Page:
Years of Entrenched Inequality
Growing up in Tulsa, Okla., in the 1920s, the historian John Hope Franklin attended the city's "separate schools." As cut off as he was from his white peers, though, Franklin was by no means unaware of how his segregated schools stacked up.
For student productions requiring a sizable stage, he remembers, youngsters from his all-black high school sometimes borrowed the white school's auditorium. At those times, the disparities in the two facilities were on full display.
"It was not at all ambiguous to me," says Franklin, now a professor emeritus at Duke University and the chairman of the advisory board for President Clinton's Initiative on Race. "I knew we were disadvantaged. I felt it."
In 1909-10, the average school term for black students stood at 101 days in the 11 former Confederate states and Kentucky, a full 17 days less than the average for whites. "It was not reasonable to suppose that the Negro children were so smart that they could learn as much as white children while going to school for a much shorter period of time each year," Henry Allen Bullock observed in his 1967 book A History of Negro Education in the South: From 1619 to the Present.
Salary Gap Dramatic
Discrepancies in educators' salaries were no less glaring. In 1928-29, for example, white teachers in the 11 former Confederate states earned a typical monthly salary of more than $118, but black teachers received less than $73. And in some states, the disparity was far greater. In South Carolina, black instructors' salaries were less than a third those of whites.
Most of those African-American teachers, moreover, were themselves products of inadequate schooling. During the 1930s, a third of the black teaching force in the South had not even completed high school, Stephan and Abigail Thernstrom reported in their 1997 book America in Black and White: Race in Modern America.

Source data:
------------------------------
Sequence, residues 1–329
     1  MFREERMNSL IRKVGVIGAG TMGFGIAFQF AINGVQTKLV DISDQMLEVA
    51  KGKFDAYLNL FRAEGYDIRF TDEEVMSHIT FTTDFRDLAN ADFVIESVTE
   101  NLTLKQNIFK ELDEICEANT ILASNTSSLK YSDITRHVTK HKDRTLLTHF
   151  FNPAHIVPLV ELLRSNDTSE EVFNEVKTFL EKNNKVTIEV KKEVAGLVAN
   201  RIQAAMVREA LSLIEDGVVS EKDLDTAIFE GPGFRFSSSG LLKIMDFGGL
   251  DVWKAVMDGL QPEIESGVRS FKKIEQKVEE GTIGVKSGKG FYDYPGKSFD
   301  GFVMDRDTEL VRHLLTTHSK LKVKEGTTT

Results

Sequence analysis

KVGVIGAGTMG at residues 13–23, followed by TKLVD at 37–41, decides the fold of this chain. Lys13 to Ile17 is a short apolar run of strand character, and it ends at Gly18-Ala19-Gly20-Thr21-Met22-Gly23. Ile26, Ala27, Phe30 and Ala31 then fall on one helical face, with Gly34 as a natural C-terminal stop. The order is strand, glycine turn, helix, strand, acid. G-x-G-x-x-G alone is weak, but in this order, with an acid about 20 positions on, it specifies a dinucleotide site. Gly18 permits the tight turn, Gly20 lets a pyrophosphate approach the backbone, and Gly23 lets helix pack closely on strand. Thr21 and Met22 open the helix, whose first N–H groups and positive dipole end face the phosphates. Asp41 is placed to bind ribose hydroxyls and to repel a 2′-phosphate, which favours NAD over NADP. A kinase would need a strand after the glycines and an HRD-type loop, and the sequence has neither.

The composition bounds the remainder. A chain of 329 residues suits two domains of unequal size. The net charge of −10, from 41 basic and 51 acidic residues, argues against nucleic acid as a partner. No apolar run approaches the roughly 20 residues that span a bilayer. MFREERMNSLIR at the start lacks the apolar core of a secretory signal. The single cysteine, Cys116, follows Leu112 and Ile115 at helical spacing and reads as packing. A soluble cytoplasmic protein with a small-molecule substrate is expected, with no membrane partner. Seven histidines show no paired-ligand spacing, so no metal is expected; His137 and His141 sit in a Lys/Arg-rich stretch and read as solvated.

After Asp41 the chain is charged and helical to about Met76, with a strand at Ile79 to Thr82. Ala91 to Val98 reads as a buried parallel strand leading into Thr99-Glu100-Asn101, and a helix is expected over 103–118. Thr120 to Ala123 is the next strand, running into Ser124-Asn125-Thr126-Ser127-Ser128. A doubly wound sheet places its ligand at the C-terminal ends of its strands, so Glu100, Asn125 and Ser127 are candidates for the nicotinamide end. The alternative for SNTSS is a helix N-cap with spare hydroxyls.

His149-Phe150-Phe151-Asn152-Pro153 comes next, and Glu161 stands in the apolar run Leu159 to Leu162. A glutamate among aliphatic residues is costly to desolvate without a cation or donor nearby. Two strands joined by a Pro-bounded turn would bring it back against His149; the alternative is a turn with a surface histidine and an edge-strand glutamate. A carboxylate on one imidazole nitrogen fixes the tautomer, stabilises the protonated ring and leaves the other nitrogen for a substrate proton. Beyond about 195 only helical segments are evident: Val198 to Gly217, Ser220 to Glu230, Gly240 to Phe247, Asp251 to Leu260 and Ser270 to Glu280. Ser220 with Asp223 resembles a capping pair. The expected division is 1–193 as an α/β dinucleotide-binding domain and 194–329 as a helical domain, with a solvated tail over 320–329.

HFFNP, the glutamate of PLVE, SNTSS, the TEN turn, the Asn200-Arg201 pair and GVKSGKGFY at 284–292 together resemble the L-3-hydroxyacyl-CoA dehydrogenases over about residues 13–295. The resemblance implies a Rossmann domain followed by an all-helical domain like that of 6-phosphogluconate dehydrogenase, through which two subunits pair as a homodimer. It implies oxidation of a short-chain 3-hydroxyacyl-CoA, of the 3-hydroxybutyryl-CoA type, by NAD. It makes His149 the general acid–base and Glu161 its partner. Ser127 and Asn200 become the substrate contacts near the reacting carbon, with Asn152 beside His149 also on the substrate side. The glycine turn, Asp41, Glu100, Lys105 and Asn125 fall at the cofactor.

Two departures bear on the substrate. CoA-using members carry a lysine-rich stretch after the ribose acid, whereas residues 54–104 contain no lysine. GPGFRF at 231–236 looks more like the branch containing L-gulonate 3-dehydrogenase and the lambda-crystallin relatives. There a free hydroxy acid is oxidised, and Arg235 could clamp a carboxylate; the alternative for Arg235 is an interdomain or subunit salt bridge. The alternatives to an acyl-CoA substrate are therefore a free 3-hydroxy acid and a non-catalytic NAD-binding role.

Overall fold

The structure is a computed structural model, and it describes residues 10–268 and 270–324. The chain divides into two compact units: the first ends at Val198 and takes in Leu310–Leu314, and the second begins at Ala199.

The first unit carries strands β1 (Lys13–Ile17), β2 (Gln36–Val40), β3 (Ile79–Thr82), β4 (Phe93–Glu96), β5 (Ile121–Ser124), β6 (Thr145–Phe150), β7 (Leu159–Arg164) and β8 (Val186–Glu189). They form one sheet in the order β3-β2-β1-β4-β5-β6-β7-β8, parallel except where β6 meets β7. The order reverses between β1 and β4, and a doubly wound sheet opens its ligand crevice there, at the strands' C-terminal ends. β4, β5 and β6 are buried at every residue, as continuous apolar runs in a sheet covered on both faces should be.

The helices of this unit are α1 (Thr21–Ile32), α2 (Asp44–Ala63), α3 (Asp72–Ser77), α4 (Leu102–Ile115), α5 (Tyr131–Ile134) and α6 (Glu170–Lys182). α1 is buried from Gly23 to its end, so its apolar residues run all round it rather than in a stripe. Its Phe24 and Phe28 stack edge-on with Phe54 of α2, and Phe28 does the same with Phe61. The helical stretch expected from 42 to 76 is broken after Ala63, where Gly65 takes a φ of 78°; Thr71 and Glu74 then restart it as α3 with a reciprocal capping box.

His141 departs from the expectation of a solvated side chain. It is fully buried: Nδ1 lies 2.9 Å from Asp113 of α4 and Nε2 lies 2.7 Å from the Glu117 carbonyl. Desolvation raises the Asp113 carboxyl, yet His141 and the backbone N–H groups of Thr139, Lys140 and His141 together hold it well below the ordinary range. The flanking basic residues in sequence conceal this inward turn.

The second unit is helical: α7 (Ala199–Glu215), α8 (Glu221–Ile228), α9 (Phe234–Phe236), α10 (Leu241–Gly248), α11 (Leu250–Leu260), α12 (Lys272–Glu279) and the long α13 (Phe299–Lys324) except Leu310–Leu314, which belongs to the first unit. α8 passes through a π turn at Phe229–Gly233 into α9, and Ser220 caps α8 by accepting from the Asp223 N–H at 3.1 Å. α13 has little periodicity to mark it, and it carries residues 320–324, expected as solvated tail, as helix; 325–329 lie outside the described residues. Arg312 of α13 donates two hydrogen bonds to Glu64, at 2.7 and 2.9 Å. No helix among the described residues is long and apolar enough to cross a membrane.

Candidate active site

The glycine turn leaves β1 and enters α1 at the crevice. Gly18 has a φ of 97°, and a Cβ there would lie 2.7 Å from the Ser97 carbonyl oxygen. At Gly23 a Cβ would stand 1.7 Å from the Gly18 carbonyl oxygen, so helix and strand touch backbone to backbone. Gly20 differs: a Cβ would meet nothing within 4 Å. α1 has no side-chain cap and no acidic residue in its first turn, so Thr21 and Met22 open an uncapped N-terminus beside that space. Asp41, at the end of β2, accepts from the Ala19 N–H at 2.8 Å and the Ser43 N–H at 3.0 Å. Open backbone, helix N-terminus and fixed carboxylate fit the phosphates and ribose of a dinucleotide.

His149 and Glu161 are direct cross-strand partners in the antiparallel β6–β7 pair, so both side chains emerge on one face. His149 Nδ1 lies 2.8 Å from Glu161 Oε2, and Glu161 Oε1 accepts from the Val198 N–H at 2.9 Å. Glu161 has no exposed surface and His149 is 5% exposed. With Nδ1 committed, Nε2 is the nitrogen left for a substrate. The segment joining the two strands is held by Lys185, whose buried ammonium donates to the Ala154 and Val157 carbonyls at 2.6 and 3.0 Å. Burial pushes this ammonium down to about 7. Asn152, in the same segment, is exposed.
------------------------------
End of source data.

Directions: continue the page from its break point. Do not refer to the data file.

On the facilities front, black students in the South attended schools that were typically worth less than a quarter of those of whites. Given such gaps, it is not surprising that the bottom lines of black and white schools' budgets were grossly unequal.
By the late 1920s, per capita spending on black students throughout the South averaged about a third that spent on whites, according to Bullock. And in some states, the picture was even bleaker. Alabama, Louisiana, and Mississippi each invested more than five times as much in their white students as in blacks, while South Carolina spent more than 10 times as much.
The disparities began to narrow in the 1940s, as courts began signaling that Southern states would have to start addressing the "equal" half of the "separate but equal" doctrine.
In response to lawsuits--or to head them off--many Southern states began raising spending on black students at a faster pace than for whites.
By the 1949-50 school year, a survey of six states in the Deep South found that per-pupil spending in black schools stood at 65 percent of that for whites, up from 41 percent a decade earlier.
Efforts to close the gap accelerated as the NAACP Legal Defense and Educational Fund launched an all-out assault on segregated education. In 1951-52, per-pupil spending for blacks in those six states had climbed to nearly three-quarters of that in white schools, according to the Southern Education Reporting Service, a Nashville-based agency that is now defunct.
The U.S. Supreme Court's 1954 Brown v. Board of Education decision striking down segregated schooling served as a further spur to equalization, as states sought to forestall desegregation.
As black Americans look back at segregated schools from a greater and greater distance, some say it is important to remember the good things that happened in them--despite their manifold disadvantages. Franklin, for one, recalls outstanding black teachers who expressed unwavering faith in him and his classmates. "They spent a lot of time making us feel that we were somebody--that despite the inequalities that existed that we were as good as anybody else," he says.
Franklin regards the educational segregation that shaped his youth as "a bittersweet kind of thing."
"On the one hand, it protected us from antagonisms and hostilities of people who didn't want to be with us," he observes. "On the other hand, it deprived us of equal opportunities, equal facilities, equal everything."
Vol. 18, Issue 28, Page 31Published in Print: March 24, 1999, as Years of Entrenched Inequality